We are an Applied Research Center housed inside the College of Information Sciences and Technology at Penn State University.
We are a confederation of loosely and tightly coupled faculty, graduate students and community organizations all aimed at studying and developing strategies for how technologies could improve and empower physical communities, their leaders and their organizations. We are concerned with the ways in which social, cultural, political, economic, and organizational structures impact and are impacted by information technologies. We are highly interdisciplinary team drawing from several academic fields such as; information science, information systems, computer science, software engineering, social sciences, planning, development studies, and sociology, to answer our questions.
We are applied researchers who are directly engaged with the communities we serve. Our research problems originate from the expressed needs of the citizens of the communities or those that serve them. Our research process begins with data from citizens, is often analyzed by citizens and returns results to citizens and those that serve them, completing the loop.
Our community partners are local government, neighborhood associations, police, fire,and emergency medical services. We also collaborate with the university, local and regional emergency management organizations.
We believe that our research has potential to help communities make use of large amounts of citizen-produced data, which in turn may improve the speed, quality, and efficiency of governmental and organizational response, leading to more lives saved.
People are at the center of our research. We feel comfortable taking a critical stance in our research, often seeing the world as stratified and conflicted. We analyze both positive and negative effects of technology. We often gather data directly from human beings in naturalistic settings. We value the use of many methods to gather data from human beings. We begin and end all of our work with theory, or theoretical concepts.
Across all of our research we maintain a healthy skepticism of the quality and utility of big data analytics, enough to spur us on to address these topics directly. The science of social data analytics is concerned with improving the process by which human interactions are converted into data, transformed, converted into useful knowledge, and applied towards a scientific or social goal. Many improvements that are made to analytics are in terms of scale, but improving data quality is more difficult to address, and the utility of indirectly connected social data is often questioned. Human processing of data can meet the needs of communities and responders during a crisis in ways that computers cannot accomplish alone. Direct contributions from citizens via crowdsourcing and citizen science have offered opportunities to leverage layers of spatial, temporal, and social infrastructure to enhance event detection. However, there are concerns regarding the quality of citizen science and crowdsourcing methods for generating relevant and accurate information. Our research engages a method of quality control by introducing an iterative system of information curation that encourages citizen scientists to become stakeholders in the quality of the information that they create by utilizing human-centered data analytics.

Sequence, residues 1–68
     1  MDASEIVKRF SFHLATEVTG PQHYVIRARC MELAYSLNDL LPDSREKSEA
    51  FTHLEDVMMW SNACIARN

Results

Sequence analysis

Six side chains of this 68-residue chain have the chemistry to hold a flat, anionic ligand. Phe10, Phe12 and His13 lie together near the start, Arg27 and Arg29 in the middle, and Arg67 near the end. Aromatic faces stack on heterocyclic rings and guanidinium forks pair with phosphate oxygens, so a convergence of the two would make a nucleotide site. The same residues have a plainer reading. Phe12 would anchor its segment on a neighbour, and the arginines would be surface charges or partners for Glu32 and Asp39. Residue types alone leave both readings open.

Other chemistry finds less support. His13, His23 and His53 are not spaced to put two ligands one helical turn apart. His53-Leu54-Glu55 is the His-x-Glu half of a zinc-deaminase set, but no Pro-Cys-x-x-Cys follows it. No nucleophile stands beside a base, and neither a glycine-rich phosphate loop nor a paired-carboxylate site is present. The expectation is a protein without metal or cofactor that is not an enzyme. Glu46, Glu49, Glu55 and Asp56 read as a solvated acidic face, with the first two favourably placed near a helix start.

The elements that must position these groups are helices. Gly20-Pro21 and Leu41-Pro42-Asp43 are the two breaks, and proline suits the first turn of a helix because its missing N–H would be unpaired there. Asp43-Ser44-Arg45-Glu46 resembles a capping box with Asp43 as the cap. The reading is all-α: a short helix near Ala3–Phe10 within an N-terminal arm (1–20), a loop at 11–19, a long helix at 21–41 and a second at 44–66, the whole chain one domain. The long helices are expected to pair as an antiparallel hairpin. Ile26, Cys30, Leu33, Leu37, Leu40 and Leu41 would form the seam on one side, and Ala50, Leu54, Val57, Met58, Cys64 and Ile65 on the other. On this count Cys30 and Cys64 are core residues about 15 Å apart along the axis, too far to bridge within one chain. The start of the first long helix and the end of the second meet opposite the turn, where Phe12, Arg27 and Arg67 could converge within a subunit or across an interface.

We operate in three interconnected domains:
Disaster/Crisis Informatics is the study of the use of information and technology in the preparation, mitigation, response and recovery phases of disasters and other emergencies. It is the field of study that bridges disciplines like information technology and emergency management in their efforts to explain how technology plays a key role in crisis communication.
Civic/Public Informatics scholarship focuses on problems faced by public and non-profit institutions and their work toward a public good. We are attracted to problems that are endemic to the public sphere: the lack of and management of scarce resources, sharing materials and information; and, increasingly the need to play competitively alongside private industry. ICTs play a role in both the creation of these problems and in potential solutions.
Development Informatics/ Information and Communication Technologies for Development (ICT4D)/ Information and Communication Technologies and Development (ICTD) are fields of both research and practice focusing on the application of information systems in socio-economic development. ICT4D and ICTD refer to the application of information and communication technologies toward social, economic, and political development, with a particular emphasis on helping poor and marginalized people and communities. They all aim to help in international development by bridging the digital divide and providing equitable access to technologies.
Each of the Center’s informatics projects is collaborative and involves the expertise of community partners and applied researchers interested in enhancing the design of information systems. Through ongoing projects, 3C Informatics has established a close collaborative relationship with community partners and will maintain these collaborations through frequent communication and meetings.
This collaborative work engages many community partners in ongoing work to identify and address complex social and technical issues. This research addresses an opportunity and a need to uncover new mechanisms that encourage many members of the communities to become stakeholders in the quality and quantity of information that can be utilized during crisis events.